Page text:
2.1.25The monks: HTML: 2.1.26Other monks, those who see it or hear about it. They should say, 2.1.27“Venerable, don’t say that. The monks are not acting out of desire, ill-will, confusion, and fear. 2.1.28Venerable, you’re a corrupter of families and badly behaved. Your bad behavior is seen and heard about, and the families corrupted by you are seen and heard about. Venerable, leave this monastery; you have stayed here long enough.” 2.1.29And they should say this a second 2.1.30and a third time. HTML:

2.1.31If he stops, that is good. 2.1.32If he does not stop, he commits an offense of wrong conduct. 2.1.33If those who hear about it do not say anything, they commit an offense of wrong conduct. HTML:

2.1.34That monk, even if he has to be dragged into the middle of the Order of monks, should be corrected in this way: 2.1.35“Venerable, don’t say that. The monks are not acting out of desire, ill-will, confusion, and fear. 2.1.36Venerable, you’re a corrupter of families and badly behaved. Your bad behavior is seen and heard about, and the families corrupted by you are seen and heard about. Venerable, leave this monastery; you have stayed here long enough.” 2.1.37They should say this a second 2.1.38and a third time. 2.1.39If he stops, that is good. 2.1.40If he does not stop, he commits an offense of wrong conduct. HTML:

2.1.41Should admonish him: HTML:

2.1.42“And, monks, he should be admonished in this way. 2.1.43A competent and capable monk should inform the Order: HTML:

2.1.44‘Venerables, let the Order listen to me. 2.1.45This monk so-and-so, who has had a formal procedure of banishment done against him, is defaming the monks as acting out of desire, ill-will, confusion, and fear. 2.1.46And he keeps on doing it. 2.1.47If it seems appropriate to the Order, the Order should admonish him to make him stop. 2.1.48This is the motion. HTML:

2.1.49Venerables, let the Order listen to me. 2.1.50This monk so-and-so, who has had a formal procedure of banishment done against him, is defaming the monks as acting out of desire, ill-will, confusion, and fear. 2.1.51And he keeps on doing it. 2.1.52The Order admonishes him to make him stop. 2.1.53Any monk who approves of admonishing him to make him stop should remain silent. Any monk who does not approve should say so. HTML:

2.1.54A second time I speak on this matter … 2.1.55A third time I speak on this matter … HTML:

2.1.56This monk so-and-so has been admonished by the Order to make him stop. 2.1.57The Order approves and is therefore silent. I will remember it thus.’” HTML:

2.1.58After the motion, he commits an offense of wrong conduct. After each of the first two announcements, he commits a serious offense. When the last announcement is finished, he commits an offense entailing suspension. 2.1.59For one who commits the offense entailing suspension, the offense of wrong conduct and the serious offenses are annulled. HTML:


2.1.60He commits an offense entailing suspension: HTML: 2.1.61only the monastic Order gives probation for that offense, sends back to the beginning, places under deference, and rehabilitates—not several monks, not an individual. Therefore it is called “an offense entailing suspension.” This is the name and designation of this class of offense. Therefore, too, it is called “an offense entailing suspension.” HTML:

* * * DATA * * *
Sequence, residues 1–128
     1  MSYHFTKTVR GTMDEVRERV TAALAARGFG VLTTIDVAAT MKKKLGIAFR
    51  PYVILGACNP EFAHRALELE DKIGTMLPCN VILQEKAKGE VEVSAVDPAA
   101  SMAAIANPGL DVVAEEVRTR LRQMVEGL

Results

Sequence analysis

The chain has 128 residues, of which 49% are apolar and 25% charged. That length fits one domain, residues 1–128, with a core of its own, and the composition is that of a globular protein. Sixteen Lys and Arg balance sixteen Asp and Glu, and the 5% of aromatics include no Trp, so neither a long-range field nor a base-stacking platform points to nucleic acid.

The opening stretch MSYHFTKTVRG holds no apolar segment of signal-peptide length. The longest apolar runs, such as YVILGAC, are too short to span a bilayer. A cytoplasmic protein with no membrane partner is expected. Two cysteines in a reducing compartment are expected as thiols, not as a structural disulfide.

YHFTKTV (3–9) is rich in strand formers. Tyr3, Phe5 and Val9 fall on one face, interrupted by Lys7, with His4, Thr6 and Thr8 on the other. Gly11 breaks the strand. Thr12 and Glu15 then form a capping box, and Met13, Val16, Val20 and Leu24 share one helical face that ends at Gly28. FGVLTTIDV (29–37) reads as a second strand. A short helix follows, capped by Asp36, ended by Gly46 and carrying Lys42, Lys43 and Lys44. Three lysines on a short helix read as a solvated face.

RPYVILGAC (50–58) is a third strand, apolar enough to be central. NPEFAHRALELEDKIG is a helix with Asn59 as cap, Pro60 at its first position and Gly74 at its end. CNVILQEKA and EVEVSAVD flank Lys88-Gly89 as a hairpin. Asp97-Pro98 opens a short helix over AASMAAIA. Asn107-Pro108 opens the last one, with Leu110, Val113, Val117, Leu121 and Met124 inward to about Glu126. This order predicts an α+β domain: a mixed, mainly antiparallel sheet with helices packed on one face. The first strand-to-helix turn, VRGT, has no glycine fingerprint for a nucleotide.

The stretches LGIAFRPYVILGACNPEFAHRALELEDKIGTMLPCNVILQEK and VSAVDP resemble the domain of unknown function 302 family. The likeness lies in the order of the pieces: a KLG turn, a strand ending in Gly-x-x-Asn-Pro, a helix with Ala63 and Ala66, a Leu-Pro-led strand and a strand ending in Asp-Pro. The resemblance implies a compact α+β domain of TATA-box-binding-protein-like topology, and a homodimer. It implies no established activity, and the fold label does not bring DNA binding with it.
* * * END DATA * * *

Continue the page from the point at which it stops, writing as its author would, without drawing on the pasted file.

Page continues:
3.1.0aPermutations HTML:

3.1.1If it is a legitimate procedure, and he perceives it as legitimate, but he does not stop, he commits an offense entailing suspension. HTML:

3.1.2If it is a legitimate procedure, but he is unsure if it is, and he does not stop, he commits an offense entailing suspension. HTML:

3.1.3If it is a legitimate procedure, but he perceives it as illegitimate, and he does not stop, he commits an offense entailing suspension. HTML:

3.1.4If it is an illegitimate procedure, but he perceives it as legitimate, he commits an offense of wrong conduct. HTML:

3.1.5If it is an illegitimate procedure, but he is unsure if it is, he commits an offense of wrong conduct. HTML:

3.1.6If it is an illegitimate procedure, and he perceives it as illegitimate, he commits an offense of wrong conduct. HTML:

3.2.0aNon-offenses HTML:

3.2.1There is no offense: if he has not been admonished; if he stops; if he is insane; if he is the first offender. HTML:

3.2.2The thirteenth rule, the training rule on corrupters of families, is finished. HTML:

3.2.3“Venerables, the thirteen rules entailing suspension have been recited, nine being immediate offenses, four after the third announcement. 3.2.4If a monk commits any one of them, he is to undergo probation for the same number of days as he knowingly concealed that offense. 3.2.5When this is completed, he must practice deference for a further six days. 3.2.6When this is completed, he is to be rehabilitated wherever there is an Order of at least twenty monks. 3.2.7If that monk is rehabilitated by an Order of even one less than twenty, that monk is not rehabilitated and those monks are at fault. This is the proper procedure. HTML:

3.2.8In regard to this I ask you, ‘Are you pure in this?’ 3.2.9A second time I ask, ‘Are you pure in this?’ 3.2.10A third time I ask, ‘Are you pure in this?’ 3.2.11You are pure in this and therefore silent. I will remember it thus.” HTML:

3.2.12The group of thirteen is finished. HTML:

3.2.13This is the summary: HTML:

3.2.14Emission, physical contact, HTML:
3.2.15Lewd, and his own needs; HTML:
3.2.16Mediation, and a hut, HTML:
3.2.17And a dwelling, groundlessly. HTML:

3.2.18A pretext, and schism, HTML:
3.2.19Those who agree with him; HTML:
3.2.20Difficult to correct, and corrupters of families: HTML:
3.2.21The thirteen offenses entailing suspension. HTML:

3.2.22The chapter on offenses entailing suspension is finished.